Good Reads Review: The Quiet American by Graham Greene
**mild spoilers ahead**
A fascinating examination of character, right and wrong, and the consequences of seeing things in black and white.
Getting into this book, I was a little underwhelmed at first, having heard much about Greene's literary style and how dated this book initially felt. While the book starts slowly, it builds and builds with a creeping unease.
Greene really finds his strength in the characters, and wisely chooses to focus on the moral conflict of the two main characters. Pyle, the eponymous character, starts as a very innocent, well meaning individual. But as his means of trying to bring democracy to Vietnam become more extreme, his inability to see the consequences of his actions and his seeming obliviousness to the damage he causes really adds to sense of uncertainty at the books climax.
Contrasting that is the protagonist, Fowler. This is a very distant, cold character, which while necessary for his role as a journalist looking to keep out of harms way, does make initially very difficult to sympathise with, especially with his contempt for Pyle. However, as the emotional complications arise between the two men and a woman named Phuong emerge in the books climax, Fowler is challenged a lot more and becomes a much more unsettled character.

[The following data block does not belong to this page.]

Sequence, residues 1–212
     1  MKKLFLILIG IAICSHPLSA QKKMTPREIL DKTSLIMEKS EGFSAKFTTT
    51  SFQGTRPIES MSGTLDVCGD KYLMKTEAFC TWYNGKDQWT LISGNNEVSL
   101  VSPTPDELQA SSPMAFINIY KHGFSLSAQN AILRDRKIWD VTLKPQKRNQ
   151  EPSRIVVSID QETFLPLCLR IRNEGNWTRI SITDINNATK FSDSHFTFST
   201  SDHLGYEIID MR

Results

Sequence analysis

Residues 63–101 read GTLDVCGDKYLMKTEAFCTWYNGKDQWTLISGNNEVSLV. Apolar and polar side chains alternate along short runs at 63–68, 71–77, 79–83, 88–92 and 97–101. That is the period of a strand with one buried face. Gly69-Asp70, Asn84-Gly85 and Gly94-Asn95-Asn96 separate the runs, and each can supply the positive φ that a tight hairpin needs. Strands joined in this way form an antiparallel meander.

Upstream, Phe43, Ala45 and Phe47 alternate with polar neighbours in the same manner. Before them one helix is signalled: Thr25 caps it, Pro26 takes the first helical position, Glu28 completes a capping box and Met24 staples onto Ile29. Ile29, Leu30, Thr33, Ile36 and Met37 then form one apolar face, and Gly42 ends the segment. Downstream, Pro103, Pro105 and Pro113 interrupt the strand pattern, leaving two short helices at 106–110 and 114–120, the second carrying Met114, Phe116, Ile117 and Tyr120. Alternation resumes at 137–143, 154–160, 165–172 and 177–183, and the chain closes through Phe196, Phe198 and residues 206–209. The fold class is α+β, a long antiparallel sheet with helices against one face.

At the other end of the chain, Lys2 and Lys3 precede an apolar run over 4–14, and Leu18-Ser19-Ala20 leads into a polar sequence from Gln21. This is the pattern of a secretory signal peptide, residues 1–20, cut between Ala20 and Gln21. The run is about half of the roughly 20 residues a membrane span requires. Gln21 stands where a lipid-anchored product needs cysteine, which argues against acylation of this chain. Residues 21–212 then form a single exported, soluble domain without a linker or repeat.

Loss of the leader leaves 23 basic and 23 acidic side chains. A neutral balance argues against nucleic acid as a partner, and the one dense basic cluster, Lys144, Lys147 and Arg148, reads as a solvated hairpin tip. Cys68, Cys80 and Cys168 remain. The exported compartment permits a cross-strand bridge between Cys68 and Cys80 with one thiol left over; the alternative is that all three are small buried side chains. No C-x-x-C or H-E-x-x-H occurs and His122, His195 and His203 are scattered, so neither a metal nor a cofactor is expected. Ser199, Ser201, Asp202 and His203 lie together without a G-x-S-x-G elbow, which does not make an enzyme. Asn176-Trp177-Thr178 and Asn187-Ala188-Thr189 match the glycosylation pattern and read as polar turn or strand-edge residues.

The ending of the book is filled with unease and filled with moral ambiguity, but this I will leave for the reader to discover.
Though a product very much of its time, this a book that touches on broader themes about the consequences of inaction and action without consideration, a theme that is not explored remotely enough in today's world.
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